So I’ve stumbled across a lot of research lately detailing how much better a high-fat, low-carb diet is for you. This is probably going to disappoint a lot of people (sorry Italian food lovers) but there are some huge upsides to this as well! It’s time to stop relying so heavily on diet staples like rice and pasta, and up your intake of extra virgin olive oil, coconut oil, nuts and seeds, avocados, dark chocolate and chia seeds! Happy days.
Fat is good for your heart, who’d have thought
Studies show that a diet comprising of high (good) fat and low carbs substantially reduces your risk of getting cardiovascular disease (any disease relating to your cardiovascular system: heart, blood, arteries, veins). It also is important for healthy, sustainable weight loss, and general well being. If you cut down on sugar, you’ll get less cravings and won’t have blood sugar crashes throughout the day leaving you lethargic and groggy.
The more research that is done on sugars, the more we see how bad it is for us. It’s quite well known now that sugar is comparable to crack cocaine in terms of addiction, but what we’re realising is that starchy carbs may be almost as bad! The main difference between sweet and starchy carbs is that the sweet kind are simple sugars, quick releasing and easy to use in the body; and the savoury kind are complex sugars, they take a bit longer to breakdown therefore provide a slow release of energy long-term, however they’re both made out of the building blocks. Starchy carbs were previously believed to be very good for us because they don’t produce the spike of insulin (a hormone that promotes uptake of glucose into cells and out of the bloodstream) that sweet carbs produce. This causes an inevitable sugar low (hypoglycemia) that comes after a sugar high, complete with tiredness, irritability and cravings for more sugar. However we’re now realising that even though the sugar in starchy crabs is released over time, nonetheless it is still sugar and has the same damaging effects on cells. Also, GM crops are decreasing the nutritional value of these staple foods, now yielding lower amounts of vitamins and fibre.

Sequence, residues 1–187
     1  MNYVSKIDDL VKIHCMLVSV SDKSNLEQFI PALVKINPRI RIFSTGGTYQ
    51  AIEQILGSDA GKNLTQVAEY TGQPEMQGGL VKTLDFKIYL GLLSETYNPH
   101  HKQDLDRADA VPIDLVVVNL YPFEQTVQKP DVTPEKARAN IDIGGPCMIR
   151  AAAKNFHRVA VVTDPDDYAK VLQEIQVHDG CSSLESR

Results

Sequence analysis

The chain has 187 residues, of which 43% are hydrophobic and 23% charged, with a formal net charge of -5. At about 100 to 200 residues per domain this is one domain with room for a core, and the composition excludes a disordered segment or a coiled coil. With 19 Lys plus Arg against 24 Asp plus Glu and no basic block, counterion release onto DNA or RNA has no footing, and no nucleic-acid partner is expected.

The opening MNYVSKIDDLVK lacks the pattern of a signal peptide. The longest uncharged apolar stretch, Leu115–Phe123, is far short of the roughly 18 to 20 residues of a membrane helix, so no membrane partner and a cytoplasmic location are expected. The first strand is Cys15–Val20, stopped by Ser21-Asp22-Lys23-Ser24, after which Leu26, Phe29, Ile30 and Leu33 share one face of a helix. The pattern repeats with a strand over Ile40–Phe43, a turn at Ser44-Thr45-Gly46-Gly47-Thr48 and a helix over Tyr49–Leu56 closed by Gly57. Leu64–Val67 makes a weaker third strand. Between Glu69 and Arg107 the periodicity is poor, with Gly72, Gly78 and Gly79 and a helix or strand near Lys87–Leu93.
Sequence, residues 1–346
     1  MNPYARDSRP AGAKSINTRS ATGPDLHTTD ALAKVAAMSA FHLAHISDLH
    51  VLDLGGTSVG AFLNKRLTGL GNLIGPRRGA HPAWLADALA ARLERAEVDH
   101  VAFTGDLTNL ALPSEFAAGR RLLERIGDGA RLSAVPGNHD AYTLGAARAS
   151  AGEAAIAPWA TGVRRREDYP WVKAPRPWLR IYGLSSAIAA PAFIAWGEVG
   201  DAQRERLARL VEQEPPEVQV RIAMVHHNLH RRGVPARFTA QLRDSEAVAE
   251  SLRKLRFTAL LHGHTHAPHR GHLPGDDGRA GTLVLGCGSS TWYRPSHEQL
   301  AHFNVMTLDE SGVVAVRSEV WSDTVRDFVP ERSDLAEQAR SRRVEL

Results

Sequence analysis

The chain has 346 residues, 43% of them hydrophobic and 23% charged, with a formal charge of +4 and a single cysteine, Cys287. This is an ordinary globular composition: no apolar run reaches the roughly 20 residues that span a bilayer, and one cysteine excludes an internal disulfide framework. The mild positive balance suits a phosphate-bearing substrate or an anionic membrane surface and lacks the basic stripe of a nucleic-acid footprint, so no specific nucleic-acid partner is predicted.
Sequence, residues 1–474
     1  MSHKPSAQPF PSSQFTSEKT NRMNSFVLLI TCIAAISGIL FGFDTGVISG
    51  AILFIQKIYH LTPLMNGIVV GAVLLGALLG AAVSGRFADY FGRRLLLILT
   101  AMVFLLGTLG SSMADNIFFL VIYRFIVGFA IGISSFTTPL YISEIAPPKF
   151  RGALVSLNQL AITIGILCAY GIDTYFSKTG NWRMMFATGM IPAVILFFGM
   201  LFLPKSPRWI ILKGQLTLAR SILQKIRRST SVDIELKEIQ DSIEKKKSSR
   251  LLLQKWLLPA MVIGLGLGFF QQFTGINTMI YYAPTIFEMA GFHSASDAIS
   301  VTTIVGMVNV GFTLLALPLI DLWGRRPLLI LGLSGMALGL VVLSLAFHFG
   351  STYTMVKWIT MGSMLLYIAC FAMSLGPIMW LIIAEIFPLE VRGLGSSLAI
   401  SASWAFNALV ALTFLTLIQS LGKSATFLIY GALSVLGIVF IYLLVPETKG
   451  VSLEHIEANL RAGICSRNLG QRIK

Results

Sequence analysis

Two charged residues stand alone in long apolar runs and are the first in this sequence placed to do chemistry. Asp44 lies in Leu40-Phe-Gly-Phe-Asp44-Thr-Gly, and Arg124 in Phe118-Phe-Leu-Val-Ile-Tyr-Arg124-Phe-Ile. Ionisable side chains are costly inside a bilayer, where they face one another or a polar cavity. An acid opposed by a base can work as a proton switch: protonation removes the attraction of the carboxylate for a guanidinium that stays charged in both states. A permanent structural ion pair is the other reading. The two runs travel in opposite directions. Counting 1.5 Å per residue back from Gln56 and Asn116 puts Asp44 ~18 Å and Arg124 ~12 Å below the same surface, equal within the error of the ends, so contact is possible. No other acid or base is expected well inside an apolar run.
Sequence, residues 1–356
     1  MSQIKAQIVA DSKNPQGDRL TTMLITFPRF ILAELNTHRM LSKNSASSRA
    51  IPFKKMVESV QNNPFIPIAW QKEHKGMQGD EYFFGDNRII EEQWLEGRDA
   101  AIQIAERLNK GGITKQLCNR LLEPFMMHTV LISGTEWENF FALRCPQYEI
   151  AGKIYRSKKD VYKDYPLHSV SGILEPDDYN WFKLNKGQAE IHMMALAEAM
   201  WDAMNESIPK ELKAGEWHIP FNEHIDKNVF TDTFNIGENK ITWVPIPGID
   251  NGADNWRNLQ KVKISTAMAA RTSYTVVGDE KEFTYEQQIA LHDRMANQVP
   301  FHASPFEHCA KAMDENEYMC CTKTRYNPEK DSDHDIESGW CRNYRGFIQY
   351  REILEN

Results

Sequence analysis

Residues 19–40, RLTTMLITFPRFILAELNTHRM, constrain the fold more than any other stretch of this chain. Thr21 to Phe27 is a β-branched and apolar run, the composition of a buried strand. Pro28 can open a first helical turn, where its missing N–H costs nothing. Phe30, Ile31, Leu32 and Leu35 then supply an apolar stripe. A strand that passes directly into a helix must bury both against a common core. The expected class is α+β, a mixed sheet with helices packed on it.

Fat (+ a bit of science)
Another dietary misconception is that fat is bad for you. We’ve known for a while now that there are lots of different kinds of fats and that some are good and some are bad. For example the saturated fats in meat and dairy products were believed to up the amount of LDL’s (low-density lipoprotein cholestorol carriers) in the blood, depositing more cholestorol than is needed into the walls of your arteries – triggering atherosclerosis. And HDL’s remove excess cholesterol from arteries and is present in plant based fats such as olive oil and nuts.
Well now we know that there are two types of LDL’s: big and small. Small LDL’s are responsible for blood clots and big LDL’s aren’t, and sugars contribute to small LDL’s while fats contribute to large LDL’s. So it turns out that even saturated fat is better for you than sugar. Madness.
Eating a low-sugar diet promotes two very beneficial cellular processes: ketogenisis and autophagy. Ketogenisis is where your body breaks down fats into ketones, an alternative energy source, during very low blood glucose levels. This enables you to get rid of fat stores and provides your cells with healthy ketone energy. Autophagy is a cells version of upcycling. In times of cellular stress (e.g. fasting, exercise and eating a high-fat, low-protein diet), a cell is forced to recycle it’s own cellular machinery in order to feed itself, thus getting rid of toxins and faulty proteins. This boosts the immune system, is anti-aging, promotes a healthy weight, increases brain function and many many more fantastic things.
So after all this it’s safe to say eating fat doesn’t make you fat. Most of the different parts of your body are made out of altered fat molecules so we need to provide our bodies with the correct building blocks to make it work as efficiently as it can. Eating a high-healthy-fat diet will help you loose weight, keep you fuller for longer and diminish damaging cravings! What’s more, it shouldn’t be difficult to switch up sugary treats for fatty treats and you won’t feel like you’re deprived of yummy foods. Being a vegan, it’ll be more challenging to fill up on fatty foods but I’m determined. Lots more avocados, brazil nuts, seeds, coconut, olive oil and dark chocolate.